The following reviews are books specific to the topic of Wicca. (If you are trying to find a book containing information on Wicca and do not see it here, try the Witchcraft and Pagan book reviews page.) Books are listed alphabetically by author's last name.
Buckland's Complete Book of Witchcraft
A good book with lots of useful information. Although Buckland does mention that the history of Wicca often presented based on the findings of Dr. Murray are highly debated (mostly debunked not long after this book was first published), the history in this book is generalized so as to be somewhat misleading to those who do not go on to study the topic more in-depth. In all fairness, the history begins with the known first traces of religious/spiritual thinking of mankind, barely covering the religious beliefs of ancient civilizations, and jumping into the rise of Christianity, inquisitions specifically involving witchcraft, the introduction of the Old Religion to the public in the 1950s, and ends with the introduction of Wicca to America and other parts of the world. Needless to say, it takes years of research into these individual areas and much more than only half a chapter of an introductory book to cover this entire history in more detail than Buckland does here.
I particularly love how in-depth Buckland goes into things such as making tools and developing one's own rituals. The questions at the end of each chapter are wonderful for enhancing learning and inspiring creativity in one's faith. A great workbook to get aspiring Witches, particularly those interested in Wicca, started and provide some remedial learning to those who may have read more basic beginner books.
A great book. Spends a lot of time clearing up historic misconceptions that Wiccans seem to follow. Gives evidence to support that the facts he presents are accurate. I found it to be inspirational as well. Presents another Wiccan lifestyle that is misunderstood.
Full Contact Magick
Surprisingly, a bit disappointing in light of my expectations. Some parts of the book include sections that are merely inserts from the Wiccan Warrior so it kills that inspiring feeling one had when first reading Wiccan Warrior. However, it is still useful as it helps to create a BoS layout different from others I have come across. It also gives wonderful reasoning to refer to magick tools as weapons (something that up until this book had been a pet peeve of mine). The glossary reminds me more of his usual writing, getting down to facts and telling it like it is. It's still worth reading and I do like Cuhulain's approach to explaining certain things. As always, it's refreshing to have more information on an archetype that often gets overlooked in our community. I just found it to not be as "monumental" as his first book had been.
Wicca: A Guide for the Solitary Practitioner
A great book to introduce one to Wicca. Only contains basic information that can be misleading without any background knowledge on the subject, but a good start if you plan to study further into Wicca.
Living Wicca: A Further Guide for the Solitary Practitioner
A great book to further introduce Wicca. Still contains only basic information, but gives strategies and ideas to help the beginner along the path of Wicca.
The Truth About Witchcraft Today
A very generalized, but accurate look at witchcraft. The book focuses on Folk Magic and Wicca. Once you get over the fact that Cunningham insists that witchcraft is a term solely for folk magic and/or Wicca, you realize that it's a great source of general information on Wicca.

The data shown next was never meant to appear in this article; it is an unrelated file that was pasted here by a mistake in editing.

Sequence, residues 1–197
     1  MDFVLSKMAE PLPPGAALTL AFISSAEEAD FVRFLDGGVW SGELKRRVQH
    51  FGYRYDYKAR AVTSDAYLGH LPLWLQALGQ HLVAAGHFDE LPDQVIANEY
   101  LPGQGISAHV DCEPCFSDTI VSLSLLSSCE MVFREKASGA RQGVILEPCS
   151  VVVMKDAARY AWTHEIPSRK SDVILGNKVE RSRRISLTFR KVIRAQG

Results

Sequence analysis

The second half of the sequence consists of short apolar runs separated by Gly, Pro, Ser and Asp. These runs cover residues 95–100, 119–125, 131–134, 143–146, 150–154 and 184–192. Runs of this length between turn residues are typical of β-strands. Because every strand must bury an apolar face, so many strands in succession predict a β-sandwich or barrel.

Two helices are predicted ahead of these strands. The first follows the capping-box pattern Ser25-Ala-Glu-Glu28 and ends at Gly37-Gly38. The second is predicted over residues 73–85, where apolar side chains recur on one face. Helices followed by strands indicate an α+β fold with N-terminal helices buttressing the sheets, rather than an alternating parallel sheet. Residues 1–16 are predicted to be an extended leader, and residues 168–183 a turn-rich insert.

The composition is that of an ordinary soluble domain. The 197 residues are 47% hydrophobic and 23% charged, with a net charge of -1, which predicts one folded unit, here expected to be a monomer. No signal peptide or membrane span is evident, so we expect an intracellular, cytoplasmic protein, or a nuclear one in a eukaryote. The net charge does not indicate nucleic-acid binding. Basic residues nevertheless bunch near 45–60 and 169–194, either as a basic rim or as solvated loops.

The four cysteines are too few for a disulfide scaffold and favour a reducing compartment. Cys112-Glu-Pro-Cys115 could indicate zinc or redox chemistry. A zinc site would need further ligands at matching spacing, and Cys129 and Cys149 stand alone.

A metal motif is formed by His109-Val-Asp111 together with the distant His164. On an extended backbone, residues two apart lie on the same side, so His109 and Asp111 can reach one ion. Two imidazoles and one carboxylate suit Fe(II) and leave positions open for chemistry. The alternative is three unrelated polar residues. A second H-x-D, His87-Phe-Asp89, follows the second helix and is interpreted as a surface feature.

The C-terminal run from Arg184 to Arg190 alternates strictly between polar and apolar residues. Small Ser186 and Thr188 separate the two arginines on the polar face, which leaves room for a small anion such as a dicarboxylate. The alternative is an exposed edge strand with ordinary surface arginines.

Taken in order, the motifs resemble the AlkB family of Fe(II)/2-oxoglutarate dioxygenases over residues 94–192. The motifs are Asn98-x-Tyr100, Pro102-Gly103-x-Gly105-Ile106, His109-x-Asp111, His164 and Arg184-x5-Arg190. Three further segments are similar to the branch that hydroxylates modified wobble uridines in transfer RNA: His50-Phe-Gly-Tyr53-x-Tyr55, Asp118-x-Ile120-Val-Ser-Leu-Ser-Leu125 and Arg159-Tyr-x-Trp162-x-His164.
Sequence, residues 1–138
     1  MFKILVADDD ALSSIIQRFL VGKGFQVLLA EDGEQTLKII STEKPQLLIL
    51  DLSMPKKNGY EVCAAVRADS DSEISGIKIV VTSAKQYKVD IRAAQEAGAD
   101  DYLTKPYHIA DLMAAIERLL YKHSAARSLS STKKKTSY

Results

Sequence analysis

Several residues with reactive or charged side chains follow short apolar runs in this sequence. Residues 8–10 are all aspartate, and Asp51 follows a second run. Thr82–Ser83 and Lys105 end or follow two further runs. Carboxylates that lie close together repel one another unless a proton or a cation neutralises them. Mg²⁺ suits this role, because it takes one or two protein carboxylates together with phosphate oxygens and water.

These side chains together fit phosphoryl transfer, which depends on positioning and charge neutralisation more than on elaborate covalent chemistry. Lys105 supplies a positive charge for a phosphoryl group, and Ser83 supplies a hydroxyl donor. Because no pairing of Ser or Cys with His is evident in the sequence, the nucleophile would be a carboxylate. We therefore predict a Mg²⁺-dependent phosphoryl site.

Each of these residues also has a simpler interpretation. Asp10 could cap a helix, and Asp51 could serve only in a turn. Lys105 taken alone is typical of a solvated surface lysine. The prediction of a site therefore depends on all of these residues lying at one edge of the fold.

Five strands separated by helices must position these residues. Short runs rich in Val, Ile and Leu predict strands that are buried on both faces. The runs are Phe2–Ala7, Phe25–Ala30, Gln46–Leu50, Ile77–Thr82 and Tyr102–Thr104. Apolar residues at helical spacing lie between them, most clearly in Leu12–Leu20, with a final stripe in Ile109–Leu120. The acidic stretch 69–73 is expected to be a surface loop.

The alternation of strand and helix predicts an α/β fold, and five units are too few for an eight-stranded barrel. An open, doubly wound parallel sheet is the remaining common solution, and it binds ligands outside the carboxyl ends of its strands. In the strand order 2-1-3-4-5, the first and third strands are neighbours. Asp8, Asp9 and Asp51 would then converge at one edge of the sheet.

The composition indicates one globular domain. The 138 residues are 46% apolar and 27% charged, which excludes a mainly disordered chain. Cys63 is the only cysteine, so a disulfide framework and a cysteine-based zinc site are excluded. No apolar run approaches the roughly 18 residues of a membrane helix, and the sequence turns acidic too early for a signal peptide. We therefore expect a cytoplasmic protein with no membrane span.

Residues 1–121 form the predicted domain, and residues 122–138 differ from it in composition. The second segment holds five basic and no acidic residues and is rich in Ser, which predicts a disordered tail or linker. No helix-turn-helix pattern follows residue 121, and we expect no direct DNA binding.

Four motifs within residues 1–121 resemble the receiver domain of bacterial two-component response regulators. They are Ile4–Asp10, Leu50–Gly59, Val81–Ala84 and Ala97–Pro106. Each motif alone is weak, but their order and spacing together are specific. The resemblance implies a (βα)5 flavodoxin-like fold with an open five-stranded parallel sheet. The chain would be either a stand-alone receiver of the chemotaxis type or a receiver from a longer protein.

Cunningham's Book of Shadows: The Path of an American Traditionalist
When I first saw this book sitting on a Barnes & Noble bookshelf, I was highly suspicious of it. I didn't buy it until a couple weeks later when the memory of it continued to nag at me. The book itself is wonderful in many ways. If you ignore the constant inserts of information from Cunningham's previous works to "fill in the gaps" as the publisher claims, this book is loaded with information. While much of it can be found elsewhere, it's refreshing to see it come from Cunningham.
Much of Cunningham's books on Wicca were geared toward non-initiated solitaries, and as such seemed overly positive and lacking in many details, albeit wonderful starting points in research. This book shows more of Cunningham's own experiences as a Wiccan with less solitary focus and more inclusion of coven-related concepts and rituals. Much of the information shows balance in magick, Wicca, and nature, which was not as present in the solitary books. Some of the works in this book do appear to be altered rehashes of the other books. However, as you'll find in the stories at the end of the book from those who knew him, the manuscript used for this book was meant to be used for his students that he had lost the time to teach.
A part of me still feels suspicious of this work. Considering it was meant for his private students, would he appreciate it being "completed" and published for all the world to see? Also, did Cunningham feel the manuscript was complete as it was without all the inserts of his prior books? Would he be offended that this BOS that he compiled together was turned into yet another newbie-style book? Then again, perhaps Cunningham would see all of us who started this path using his works as guides as his students, and would be happy to be able to share this finally. The waiting period of over a decade to publish this manuscript worries me that it is merely a profit-seeking scheme. Regardless of the publisher's intent, I would recommend this book to fans of Cunningham, seekers, and anyone interested in BOS.